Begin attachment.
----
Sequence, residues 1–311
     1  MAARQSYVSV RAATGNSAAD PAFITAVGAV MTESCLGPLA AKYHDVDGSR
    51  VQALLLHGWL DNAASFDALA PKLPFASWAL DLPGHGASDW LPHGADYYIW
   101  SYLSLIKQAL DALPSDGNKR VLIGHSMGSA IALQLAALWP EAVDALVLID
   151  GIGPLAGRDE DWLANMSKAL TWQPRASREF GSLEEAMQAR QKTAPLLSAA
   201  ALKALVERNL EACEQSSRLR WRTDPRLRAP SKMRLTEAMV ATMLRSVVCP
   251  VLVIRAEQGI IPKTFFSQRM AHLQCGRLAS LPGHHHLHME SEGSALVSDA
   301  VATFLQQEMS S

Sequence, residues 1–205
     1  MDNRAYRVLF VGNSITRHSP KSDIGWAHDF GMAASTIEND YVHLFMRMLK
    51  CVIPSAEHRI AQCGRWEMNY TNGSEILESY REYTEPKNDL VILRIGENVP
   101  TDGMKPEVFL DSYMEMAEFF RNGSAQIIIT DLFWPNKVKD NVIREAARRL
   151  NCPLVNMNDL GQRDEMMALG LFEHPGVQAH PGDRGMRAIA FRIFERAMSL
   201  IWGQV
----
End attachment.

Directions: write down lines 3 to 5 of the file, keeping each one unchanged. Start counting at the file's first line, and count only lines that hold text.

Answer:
    51  VQALLLHGWL DNAASFDALA PKLPFASWAL DLPGHGASDW LPHGADYYIW
   101  SYLSLIKQAL DALPSDGNKR VLIGHSMGSA IALQLAALWP EAVDALVLID
   151  GIGPLAGRDE DWLANMSKAL TWQPRASREF GSLEEAMQAR QKTAPLLSAA